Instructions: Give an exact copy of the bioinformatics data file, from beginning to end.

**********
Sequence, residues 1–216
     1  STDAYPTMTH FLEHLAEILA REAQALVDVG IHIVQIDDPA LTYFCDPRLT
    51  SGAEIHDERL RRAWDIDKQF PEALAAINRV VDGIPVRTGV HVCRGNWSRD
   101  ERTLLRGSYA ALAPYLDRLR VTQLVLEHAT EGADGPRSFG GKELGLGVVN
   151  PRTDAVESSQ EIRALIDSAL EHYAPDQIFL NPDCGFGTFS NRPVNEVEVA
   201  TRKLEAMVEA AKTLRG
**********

Sequence, residues 1–216
     1  STDAYPTMTH FLEHLAEILA REAQALVDVG IHIVQIDDPA LTYFCDPRLT
    51  SGAEIHDERL RRAWDIDKQF PEALAAINRV VDGIPVRTGV HVCRGNWSRD
   101  ERTLLRGSYA ALAPYLDRLR VTQLVLEHAT EGADGPRSFG GKELGLGVVN
   151  PRTDAVESSQ EIRALIDSAL EHYAPDQIFL NPDCGFGTFS NRPVNEVEVA
   201  TRKLEAMVEA AKTLRG